The UK government needs to appoint an ?IT supremo? if it is to deliver on its plans to make all public services electronic, warned one of its leading IT suppliers this week.
This week Jack Cunningham, minister for the Cabinet Office, launched the white paper ?Modernising Government? which commits the government to delivering all services electronically by 2008. (see VNU Newswire 30 March)
Mike Stock, director of government and public services at Bull Information Systems, said the government would need to appoint somebody - preferably Cunningham himself - to take on overall responsibility for IT strategy for such a scheme to work.
?The pace of change in technology has very often overtaken government project in the past,? he warned. ?What is needed is an IT supremo.? If the government made such an appointment, then the 2008 deadline was possible, he believed, but warned it was not certain.
Stock said he was also concerned about the level of funding the government will allocate to the project.
?I was pleased to see some talk of funding in there, but I would question if there is enough,? he said.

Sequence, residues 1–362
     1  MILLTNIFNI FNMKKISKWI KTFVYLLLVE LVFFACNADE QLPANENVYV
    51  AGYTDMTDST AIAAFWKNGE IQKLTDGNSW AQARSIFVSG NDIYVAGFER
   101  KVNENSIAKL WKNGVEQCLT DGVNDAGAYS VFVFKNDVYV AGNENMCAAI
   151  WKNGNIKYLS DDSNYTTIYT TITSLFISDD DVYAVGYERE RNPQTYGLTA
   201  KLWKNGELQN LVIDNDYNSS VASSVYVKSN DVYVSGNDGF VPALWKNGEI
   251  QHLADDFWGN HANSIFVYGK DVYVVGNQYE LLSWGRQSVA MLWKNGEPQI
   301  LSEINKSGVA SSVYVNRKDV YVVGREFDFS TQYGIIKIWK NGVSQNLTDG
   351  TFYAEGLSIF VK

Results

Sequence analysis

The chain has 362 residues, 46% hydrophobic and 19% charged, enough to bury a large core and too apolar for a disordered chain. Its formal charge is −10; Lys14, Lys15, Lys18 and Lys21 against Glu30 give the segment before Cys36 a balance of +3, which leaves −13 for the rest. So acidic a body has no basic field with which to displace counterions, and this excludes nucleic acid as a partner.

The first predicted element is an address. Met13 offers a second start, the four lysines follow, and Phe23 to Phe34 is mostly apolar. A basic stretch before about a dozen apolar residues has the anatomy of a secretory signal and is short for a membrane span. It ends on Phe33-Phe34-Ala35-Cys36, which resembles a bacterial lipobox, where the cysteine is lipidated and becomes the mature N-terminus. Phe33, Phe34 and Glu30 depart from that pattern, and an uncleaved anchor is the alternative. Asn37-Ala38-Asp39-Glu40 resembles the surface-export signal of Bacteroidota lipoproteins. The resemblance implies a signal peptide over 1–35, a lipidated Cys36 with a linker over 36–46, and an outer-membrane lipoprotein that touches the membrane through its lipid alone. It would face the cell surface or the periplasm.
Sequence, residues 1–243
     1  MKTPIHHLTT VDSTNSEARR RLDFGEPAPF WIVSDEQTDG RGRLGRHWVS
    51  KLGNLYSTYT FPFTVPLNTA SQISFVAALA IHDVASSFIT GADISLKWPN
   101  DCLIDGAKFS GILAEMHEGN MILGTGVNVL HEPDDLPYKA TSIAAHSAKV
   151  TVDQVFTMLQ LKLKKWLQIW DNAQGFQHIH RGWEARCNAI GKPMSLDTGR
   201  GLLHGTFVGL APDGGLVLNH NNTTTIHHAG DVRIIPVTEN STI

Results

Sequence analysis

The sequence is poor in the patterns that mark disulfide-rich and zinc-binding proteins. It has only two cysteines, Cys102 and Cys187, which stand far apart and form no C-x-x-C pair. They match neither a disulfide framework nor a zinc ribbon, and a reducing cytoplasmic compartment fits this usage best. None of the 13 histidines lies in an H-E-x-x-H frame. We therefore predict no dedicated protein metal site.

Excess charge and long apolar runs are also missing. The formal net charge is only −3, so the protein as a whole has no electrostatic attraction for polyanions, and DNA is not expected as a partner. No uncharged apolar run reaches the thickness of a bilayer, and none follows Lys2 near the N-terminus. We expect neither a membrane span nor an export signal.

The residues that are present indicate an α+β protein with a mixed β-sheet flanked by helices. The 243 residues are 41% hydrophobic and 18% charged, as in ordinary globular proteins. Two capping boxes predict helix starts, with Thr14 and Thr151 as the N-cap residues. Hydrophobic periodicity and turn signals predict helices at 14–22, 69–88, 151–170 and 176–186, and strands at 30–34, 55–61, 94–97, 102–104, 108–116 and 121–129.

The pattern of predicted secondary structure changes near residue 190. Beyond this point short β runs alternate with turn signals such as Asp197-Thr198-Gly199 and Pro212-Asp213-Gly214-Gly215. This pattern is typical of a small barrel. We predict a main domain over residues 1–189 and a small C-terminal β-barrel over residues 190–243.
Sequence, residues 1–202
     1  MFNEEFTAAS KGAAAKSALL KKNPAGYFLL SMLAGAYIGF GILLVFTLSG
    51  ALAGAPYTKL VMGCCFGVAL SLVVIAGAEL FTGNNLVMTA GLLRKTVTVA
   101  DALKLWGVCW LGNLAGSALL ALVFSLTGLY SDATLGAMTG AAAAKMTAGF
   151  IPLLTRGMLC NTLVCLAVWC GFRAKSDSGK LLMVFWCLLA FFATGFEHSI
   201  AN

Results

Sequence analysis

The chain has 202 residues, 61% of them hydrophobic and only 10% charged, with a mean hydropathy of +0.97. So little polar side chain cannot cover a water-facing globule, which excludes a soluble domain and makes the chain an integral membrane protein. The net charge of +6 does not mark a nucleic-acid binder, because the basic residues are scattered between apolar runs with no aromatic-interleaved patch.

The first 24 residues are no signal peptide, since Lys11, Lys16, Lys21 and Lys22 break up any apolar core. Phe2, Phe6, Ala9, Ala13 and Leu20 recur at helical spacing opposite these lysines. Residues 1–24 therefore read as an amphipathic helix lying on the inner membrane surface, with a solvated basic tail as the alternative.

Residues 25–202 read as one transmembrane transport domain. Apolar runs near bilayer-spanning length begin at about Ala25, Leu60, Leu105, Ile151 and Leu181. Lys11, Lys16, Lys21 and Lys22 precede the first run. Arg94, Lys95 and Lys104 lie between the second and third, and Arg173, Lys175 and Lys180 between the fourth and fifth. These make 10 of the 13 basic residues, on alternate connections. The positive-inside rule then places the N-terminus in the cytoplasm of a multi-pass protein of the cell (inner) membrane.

The white paper said the government will invest #230 million in the next two to three years to help public bodies deliver services more efficiently.
Stock, who helped Bull put forward a critique to the government?s green paper on the issue, said IT could help the government modernise its services, but acknowledged there are crucial differences between the private and public sector, which the government needs to address and which could prevent it achieving the aim of 100 per cent electronic delivery.
?The government has to deal with everybody in society, even the have nots and some people won?t be able to take advantage of having services online,? he said.
As well as promising to provide all government services electronically by 2008, the white paper commits the government to providing access to services 24 hours a day, seven days a week, with people being given access to an NHS healthcare service by the end of 2000.
The government will review all central and local government services and activities in the next five years to identify the best supplier in each case.
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